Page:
Fox, Sabia square off in first of 3 debates

Fox, Sabia square off in first of 3 debates

by Jenna Duncan, News Staff

The College Republicans, College Democrats and debate team hosted the first debate Student Government Association (SGA) presidential debate between candidates Ryan Fox and Amanda Sabia Tuesday night, focusing on students, policy and events during the past year.

Fox is currently president of SGA, and Sabia is Vice President for Academic Affairs. Fox said he wanted to continue “making student voices heard” as was his last platform last year, but has refined it.

“I’m proud of the accomplishments that have come out of the association under my leadership,” he said in his opening remarks. “From talking to students like you, I have refined my platform for the coming year. It is focused on the areas of direction and control, direction, Northeastern running on your schedule, campus experiences and student living.”

Sabia, whose slogan is “Thing Different. Think Sabia.” stressed the importance of student voice and transparency in the administration.

“My platform centers around the concept of putting students first, representing them, standing up to the administration and effective communication,” Sabia said. “I believe that each student here has a voice and I hope to be the representative for each of them.”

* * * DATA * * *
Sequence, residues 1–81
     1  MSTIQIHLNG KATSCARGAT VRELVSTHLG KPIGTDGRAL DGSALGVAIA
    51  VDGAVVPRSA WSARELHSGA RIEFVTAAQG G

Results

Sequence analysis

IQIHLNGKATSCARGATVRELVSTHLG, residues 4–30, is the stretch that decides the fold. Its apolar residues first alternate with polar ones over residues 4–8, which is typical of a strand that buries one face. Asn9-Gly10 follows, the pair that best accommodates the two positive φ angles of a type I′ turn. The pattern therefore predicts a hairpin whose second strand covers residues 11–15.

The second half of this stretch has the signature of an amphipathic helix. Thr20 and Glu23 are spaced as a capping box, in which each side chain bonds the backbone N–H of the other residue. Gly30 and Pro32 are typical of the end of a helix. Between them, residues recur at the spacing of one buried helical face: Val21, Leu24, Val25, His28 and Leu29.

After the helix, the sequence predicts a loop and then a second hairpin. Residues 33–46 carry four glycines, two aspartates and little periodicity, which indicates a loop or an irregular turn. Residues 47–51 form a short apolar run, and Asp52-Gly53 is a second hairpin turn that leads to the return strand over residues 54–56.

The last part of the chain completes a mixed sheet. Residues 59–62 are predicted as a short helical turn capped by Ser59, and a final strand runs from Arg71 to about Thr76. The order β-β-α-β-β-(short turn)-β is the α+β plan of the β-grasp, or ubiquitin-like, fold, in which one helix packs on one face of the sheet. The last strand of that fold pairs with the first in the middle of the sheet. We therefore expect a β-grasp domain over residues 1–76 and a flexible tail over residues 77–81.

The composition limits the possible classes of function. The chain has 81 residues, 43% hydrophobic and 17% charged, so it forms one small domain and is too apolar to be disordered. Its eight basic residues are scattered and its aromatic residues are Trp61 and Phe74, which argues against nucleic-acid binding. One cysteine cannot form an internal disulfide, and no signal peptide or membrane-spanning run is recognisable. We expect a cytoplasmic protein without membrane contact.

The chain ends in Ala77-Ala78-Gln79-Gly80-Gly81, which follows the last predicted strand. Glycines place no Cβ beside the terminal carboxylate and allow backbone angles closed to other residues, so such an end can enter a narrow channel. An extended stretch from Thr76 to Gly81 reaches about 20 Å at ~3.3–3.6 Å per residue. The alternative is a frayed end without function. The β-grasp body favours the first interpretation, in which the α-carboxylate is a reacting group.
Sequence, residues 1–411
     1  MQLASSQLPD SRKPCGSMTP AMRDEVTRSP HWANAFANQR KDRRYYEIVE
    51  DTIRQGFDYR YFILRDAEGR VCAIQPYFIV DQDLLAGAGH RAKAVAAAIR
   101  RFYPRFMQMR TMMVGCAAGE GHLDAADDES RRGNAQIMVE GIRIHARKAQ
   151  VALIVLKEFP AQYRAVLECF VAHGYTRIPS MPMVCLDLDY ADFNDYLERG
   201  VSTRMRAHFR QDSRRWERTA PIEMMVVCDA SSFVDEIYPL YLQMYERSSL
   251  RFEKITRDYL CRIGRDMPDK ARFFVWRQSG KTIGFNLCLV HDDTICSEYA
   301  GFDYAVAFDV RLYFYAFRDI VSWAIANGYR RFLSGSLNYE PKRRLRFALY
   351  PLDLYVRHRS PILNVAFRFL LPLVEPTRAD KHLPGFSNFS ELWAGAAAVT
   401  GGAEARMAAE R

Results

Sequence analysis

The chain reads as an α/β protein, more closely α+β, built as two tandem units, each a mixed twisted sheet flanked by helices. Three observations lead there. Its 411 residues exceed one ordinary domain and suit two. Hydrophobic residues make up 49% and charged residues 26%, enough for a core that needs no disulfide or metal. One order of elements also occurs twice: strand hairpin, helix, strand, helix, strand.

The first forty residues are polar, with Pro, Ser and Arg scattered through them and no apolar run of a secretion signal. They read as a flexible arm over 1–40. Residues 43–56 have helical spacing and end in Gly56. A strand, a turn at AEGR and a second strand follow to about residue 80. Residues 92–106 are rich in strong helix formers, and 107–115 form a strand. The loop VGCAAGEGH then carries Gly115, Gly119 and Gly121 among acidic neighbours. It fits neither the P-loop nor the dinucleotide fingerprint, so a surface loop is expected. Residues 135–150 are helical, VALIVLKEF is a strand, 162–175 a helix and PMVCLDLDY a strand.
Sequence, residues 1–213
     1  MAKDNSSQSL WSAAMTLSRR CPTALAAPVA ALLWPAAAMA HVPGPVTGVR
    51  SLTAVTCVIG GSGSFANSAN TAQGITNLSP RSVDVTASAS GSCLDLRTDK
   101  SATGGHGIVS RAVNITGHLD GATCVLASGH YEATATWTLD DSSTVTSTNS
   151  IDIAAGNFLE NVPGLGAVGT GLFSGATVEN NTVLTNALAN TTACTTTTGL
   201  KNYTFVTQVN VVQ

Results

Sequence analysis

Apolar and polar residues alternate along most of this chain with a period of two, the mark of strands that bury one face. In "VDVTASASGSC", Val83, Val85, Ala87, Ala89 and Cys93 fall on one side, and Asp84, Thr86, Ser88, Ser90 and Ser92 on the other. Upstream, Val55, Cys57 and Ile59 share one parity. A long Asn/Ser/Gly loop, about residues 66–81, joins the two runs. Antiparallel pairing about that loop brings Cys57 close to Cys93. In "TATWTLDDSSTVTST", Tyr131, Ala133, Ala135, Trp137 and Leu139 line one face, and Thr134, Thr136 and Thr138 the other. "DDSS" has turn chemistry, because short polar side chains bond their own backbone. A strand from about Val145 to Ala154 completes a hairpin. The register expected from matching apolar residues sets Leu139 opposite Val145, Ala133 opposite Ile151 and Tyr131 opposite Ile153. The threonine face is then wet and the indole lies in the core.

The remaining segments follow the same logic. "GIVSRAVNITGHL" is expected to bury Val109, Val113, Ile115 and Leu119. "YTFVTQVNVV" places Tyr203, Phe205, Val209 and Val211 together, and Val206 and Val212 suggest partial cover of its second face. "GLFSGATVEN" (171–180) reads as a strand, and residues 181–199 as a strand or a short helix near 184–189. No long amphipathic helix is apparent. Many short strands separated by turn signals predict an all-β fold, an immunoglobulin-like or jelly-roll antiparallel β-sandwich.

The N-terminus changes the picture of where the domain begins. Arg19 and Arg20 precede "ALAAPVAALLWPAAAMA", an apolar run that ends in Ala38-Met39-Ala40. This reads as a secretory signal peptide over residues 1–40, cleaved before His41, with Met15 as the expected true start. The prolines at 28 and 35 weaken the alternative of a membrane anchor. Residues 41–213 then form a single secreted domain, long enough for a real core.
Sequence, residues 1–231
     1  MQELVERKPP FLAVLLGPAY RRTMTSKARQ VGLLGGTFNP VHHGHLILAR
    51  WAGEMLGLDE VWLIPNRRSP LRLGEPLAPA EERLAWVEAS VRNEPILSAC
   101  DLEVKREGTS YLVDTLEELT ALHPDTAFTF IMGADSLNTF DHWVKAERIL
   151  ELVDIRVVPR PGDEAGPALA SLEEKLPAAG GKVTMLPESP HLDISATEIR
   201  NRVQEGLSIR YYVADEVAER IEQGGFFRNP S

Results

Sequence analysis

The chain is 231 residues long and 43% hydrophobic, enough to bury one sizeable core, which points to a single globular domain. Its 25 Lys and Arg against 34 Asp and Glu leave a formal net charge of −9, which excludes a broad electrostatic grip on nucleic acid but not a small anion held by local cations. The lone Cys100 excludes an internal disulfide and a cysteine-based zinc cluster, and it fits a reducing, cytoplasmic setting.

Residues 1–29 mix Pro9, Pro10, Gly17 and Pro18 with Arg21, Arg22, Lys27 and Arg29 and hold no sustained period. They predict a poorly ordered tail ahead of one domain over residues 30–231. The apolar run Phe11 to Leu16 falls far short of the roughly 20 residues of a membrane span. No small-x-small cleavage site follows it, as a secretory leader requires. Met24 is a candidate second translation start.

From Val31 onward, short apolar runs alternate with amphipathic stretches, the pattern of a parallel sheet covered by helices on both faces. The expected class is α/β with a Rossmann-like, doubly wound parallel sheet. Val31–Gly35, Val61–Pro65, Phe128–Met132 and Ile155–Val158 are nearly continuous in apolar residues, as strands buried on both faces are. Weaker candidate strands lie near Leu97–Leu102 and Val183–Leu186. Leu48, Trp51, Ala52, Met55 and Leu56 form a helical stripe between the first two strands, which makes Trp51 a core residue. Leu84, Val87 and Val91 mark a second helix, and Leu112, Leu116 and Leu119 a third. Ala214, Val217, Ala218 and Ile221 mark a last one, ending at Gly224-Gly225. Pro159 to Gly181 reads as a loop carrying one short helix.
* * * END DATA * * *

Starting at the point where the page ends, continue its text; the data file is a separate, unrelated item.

The pair were asked about how they had become involved in SGA, and what they plan to do in the coming year if elected.

“First and foremost, I hope to expand transparency among the administration, and I really want to work to put students first,” Sabia said. “I think sometimes we give a students a voice, but we don’t listen to that voice and that’s a huge issue I see and I hope to be able to change that in the future.”

The issue of transparency with the administration was not echoed immediately by Fox, though was brought out throughout the debate by Sabia. Fox did however say he believed a student should sit on the Board of Trustees, which holds closed meetings, to increase student involvement in high levels of administration.

“The Board of Trustees is where we’re lacking a little bit of student direction and involvement,” Fox said. “I have spoken with some trustees this year but I don’t think that they have the direct and consistent communication with students that they should have.”

The two did disagree on how the controversial “Respect Life” week was handled. Sabia said she believed that these events should be balanced, for example with a pro-life week, while Fox stressed that the other side did not request to host an event, and just because the other side doesn’t have an event doesn’t mean it shouldn’t be held.

Toward the end of the debate, Sabia stressed that was not the only difference between her and Fox.

“Earlier in this debate Mr. Fox mentioned that he built relationships with administration,” she said. “My focus at this university has been building relationships with students.”

The second debate is scheduled for tonight in the freshman quad at 6:30 p.m.

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